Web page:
Functions and Features of Routers for Home Computer Networks

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Broadband routers are essential for home networks, but its uses aren't limited to basic connection sharing. Manufacturers have been adding even more bells and whistles in recent years.

When shopping for a new router, ensure the model you choose supports the features you want; these vary considerably by manufacturer and model.

Single or Dual Band Wi-Fi

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Until recently, home Wi-Fi routers contained one radio that transmitted on the 2.4 GHz frequency band. Then came 802.11n routers, which feature a communication technology called MIMO (multiple in multiple out). With two or more embedded radio transmitters, home routers can now communicate via a wider frequency band than before or multiple separate bands.

Dual-band Wi-Fi routers support multiple radios and operate on both the 2.4 GHz and 5 GHz bands. These routers effectively allow households to set up two wireless subnetworks and get the benefits of both kinds. For example, 5 GHz connections can offer higher performance than 2.4 GHz connections, and 2.4 GHz generally provides better range plus compatibility with older devices.​

Traditional or Gigabit Ethernet

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Many first- and second-generation home routers did not support Wi-Fi. These "wired broadband" routers offered only Ethernet ports, designed for hooking up a PC, a printer, and perhaps a game console. To take maximum advantage of the technology, some homeowners looked to prewire their houses with Ethernet cable run to various rooms.

Even today, with the popularity of Wi-Fi and mobile devices (many of which do not support any wired connections), manufacturers continue incorporating Ethernet into their home routers. Ethernet offers better network performance than wireless connections in many situations. Many popular broadband modems connect to routers via Ethernet, and hardcore gamers often prefer it over Wi-Fi for their gaming systems.

Until recently, routers all supported the same 100 Mbps (sometimes called 10/100 or Fast Ethernet) technology as their original ancestors. Newer and higher-end models upgrade that to gigabit Ethernet, which is better for video streaming and other resource-intensive uses.

IPv4 and IPv6

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All home routers support Internet Protocol (IP). All newer routers support two different flavors of IP: the newer IP version 6 (IPv6) standard and the older but still mainstream version 4 (IPv4). Old broadband routers supported only IPv4. Although having an IPv6-capable router isn't strictly required, home networks can benefit from the security and performance improvements that it provides.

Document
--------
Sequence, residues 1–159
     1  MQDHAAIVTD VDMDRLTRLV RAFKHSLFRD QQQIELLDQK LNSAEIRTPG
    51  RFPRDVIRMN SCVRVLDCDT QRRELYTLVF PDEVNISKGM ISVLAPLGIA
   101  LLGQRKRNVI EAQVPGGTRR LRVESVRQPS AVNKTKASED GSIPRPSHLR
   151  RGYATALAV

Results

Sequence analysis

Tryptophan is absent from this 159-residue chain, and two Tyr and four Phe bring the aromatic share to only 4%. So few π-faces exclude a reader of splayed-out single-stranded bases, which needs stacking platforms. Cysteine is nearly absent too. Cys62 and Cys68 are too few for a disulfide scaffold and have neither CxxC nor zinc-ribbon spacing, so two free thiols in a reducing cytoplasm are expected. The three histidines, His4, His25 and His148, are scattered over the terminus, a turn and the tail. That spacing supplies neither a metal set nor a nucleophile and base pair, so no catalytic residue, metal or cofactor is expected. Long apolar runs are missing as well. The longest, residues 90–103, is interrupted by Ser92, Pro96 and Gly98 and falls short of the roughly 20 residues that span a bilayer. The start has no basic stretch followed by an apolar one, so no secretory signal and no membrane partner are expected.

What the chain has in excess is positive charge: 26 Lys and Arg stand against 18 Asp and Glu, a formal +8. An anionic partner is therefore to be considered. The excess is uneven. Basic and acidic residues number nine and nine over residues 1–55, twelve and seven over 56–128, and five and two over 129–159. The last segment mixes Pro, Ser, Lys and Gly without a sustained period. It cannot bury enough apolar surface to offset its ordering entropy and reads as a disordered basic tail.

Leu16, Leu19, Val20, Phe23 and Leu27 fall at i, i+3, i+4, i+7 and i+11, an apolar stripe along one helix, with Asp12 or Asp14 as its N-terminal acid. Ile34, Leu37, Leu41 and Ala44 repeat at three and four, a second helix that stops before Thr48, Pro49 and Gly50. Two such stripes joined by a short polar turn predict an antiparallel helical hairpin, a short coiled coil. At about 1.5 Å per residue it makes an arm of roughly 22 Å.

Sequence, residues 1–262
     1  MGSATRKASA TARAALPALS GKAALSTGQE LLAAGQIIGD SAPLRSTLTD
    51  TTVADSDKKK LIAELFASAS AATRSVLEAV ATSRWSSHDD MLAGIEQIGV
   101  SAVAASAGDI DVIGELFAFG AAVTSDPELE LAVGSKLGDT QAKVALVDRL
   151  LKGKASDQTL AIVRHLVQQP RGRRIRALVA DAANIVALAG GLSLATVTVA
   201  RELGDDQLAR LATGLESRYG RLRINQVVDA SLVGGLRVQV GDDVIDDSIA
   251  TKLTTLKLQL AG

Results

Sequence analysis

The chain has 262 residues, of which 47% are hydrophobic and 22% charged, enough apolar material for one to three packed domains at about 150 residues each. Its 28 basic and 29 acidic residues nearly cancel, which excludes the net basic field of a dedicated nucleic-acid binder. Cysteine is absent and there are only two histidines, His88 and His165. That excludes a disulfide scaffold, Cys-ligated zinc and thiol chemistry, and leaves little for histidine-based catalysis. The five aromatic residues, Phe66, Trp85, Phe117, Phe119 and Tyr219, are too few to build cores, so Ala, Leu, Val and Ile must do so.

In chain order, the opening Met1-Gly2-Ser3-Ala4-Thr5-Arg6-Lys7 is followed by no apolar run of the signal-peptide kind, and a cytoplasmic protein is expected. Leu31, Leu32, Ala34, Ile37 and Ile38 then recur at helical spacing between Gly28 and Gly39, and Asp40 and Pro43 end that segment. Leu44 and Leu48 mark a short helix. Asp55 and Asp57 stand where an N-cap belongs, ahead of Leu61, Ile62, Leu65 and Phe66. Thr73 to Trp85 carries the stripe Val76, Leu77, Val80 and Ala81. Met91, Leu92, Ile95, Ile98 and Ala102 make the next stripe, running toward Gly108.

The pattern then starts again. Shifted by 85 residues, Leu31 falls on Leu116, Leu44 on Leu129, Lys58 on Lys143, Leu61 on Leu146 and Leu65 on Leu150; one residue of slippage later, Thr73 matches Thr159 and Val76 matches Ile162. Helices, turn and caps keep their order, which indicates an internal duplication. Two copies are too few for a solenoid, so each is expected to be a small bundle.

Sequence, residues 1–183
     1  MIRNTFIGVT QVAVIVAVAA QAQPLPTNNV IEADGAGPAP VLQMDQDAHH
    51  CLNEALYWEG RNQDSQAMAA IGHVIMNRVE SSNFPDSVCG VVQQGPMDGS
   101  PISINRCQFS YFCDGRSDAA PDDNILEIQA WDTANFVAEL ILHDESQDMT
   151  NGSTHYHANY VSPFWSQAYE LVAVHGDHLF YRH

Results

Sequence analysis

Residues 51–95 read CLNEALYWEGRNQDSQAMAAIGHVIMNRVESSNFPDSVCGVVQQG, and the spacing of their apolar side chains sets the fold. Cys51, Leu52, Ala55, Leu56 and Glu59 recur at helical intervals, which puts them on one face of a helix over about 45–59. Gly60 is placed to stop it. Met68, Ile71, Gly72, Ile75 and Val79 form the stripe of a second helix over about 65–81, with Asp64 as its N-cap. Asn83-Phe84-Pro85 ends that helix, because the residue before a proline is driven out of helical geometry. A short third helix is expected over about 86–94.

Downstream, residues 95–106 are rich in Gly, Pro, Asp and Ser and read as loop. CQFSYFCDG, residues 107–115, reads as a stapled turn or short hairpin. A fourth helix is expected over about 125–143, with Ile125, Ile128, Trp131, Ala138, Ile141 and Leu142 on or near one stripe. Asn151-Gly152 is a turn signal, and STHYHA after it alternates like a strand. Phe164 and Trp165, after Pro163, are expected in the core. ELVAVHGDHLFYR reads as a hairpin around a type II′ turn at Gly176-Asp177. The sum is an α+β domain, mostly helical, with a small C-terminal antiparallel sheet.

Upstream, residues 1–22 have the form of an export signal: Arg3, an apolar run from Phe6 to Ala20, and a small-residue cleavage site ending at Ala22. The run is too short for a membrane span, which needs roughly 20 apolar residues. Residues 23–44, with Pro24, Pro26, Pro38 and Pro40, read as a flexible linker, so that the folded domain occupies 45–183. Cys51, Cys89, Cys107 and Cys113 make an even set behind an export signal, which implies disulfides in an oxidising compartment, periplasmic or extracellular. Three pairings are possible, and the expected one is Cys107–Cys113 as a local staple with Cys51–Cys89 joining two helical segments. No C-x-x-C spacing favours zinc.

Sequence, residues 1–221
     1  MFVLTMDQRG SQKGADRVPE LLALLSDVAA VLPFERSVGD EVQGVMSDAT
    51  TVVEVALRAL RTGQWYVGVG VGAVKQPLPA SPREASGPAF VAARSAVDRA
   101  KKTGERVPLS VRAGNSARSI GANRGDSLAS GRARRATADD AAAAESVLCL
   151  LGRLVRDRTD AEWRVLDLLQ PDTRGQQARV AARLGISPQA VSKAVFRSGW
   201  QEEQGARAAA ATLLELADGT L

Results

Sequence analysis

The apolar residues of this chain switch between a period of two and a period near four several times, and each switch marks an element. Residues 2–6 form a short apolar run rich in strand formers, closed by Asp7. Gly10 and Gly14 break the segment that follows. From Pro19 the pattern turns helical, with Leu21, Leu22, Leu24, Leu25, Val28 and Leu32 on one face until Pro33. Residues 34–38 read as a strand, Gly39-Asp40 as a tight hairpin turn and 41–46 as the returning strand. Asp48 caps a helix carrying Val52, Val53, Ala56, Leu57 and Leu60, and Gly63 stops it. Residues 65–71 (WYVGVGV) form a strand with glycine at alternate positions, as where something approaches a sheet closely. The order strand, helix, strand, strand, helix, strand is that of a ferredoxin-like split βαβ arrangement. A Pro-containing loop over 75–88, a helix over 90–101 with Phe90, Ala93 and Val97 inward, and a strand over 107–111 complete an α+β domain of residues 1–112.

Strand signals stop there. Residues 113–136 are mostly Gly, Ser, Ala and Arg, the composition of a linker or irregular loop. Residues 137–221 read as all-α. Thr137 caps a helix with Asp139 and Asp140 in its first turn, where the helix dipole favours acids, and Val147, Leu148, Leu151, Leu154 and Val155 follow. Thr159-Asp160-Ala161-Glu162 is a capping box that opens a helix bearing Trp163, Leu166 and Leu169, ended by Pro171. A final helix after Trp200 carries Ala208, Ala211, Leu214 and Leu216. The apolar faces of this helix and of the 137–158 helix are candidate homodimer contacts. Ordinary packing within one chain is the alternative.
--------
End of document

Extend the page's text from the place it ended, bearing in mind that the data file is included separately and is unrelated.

Network Address Translation (NAT)

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As one of the basic security features of home routers, network address translation (NAT) technology sets up the addressing scheme of a home network and its connection to the Internet. NAT tracks the addresses of all devices connected to a router and any messages they send to the outside world so that the router can direct the responses to the correct device later. Some people call this feature a NAT firewall because it effectively blocks malicious traffic as other kinds of network firewalls do.

Connection and Resource Sharing

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Routers enable network users to share resources such as printers. Most modern printers are network-ready; they support Wi-Fi and can join the same home network as computers and phones, which can then send jobs to them.

Some routers feature USB ports designed for plugging in external storage drives. Other devices on the network can use this storage for copying files. These drives can also be unplugged from the router and transported to other locations if a person needs access to the data while traveling, for example. Even without USB storage features, a router enables network file sharing among devices in other ways. Files can be shared using a device’s network operating system functions or through cloud storage systems.

Guest Networks

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Some wireless routers support guest networking, which allows you to set up a special section of your home network just for friends and family who are visiting. Guest networks restrict access to the primary home network so that visitors can't snoop around any of the home network’s resources without your permission. In particular, a guest network uses a separate security configuration and different Wi-Fi security keys than the rest of the home network so that your private keys can stay hidden.

Parental Controls and Other Access Restrictions